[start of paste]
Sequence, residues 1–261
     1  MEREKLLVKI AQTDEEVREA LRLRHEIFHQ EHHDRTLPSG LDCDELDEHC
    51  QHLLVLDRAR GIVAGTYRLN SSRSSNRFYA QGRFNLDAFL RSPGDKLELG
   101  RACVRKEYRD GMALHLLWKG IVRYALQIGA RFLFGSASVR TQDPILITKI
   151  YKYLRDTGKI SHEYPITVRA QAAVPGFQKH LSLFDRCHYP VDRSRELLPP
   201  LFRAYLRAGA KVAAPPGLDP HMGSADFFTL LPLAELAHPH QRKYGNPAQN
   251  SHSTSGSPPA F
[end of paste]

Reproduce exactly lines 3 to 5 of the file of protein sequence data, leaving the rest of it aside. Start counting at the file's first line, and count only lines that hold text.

    51  QHLLVLDRAR GIVAGTYRLN SSRSSNRFYA QGRFNLDAFL RSPGDKLELG
   101  RACVRKEYRD GMALHLLWKG IVRYALQIGA RFLFGSASVR TQDPILITKI
   151  YKYLRDTGKI SHEYPITVRA QAAVPGFQKH LSLFDRCHYP VDRSRELLPP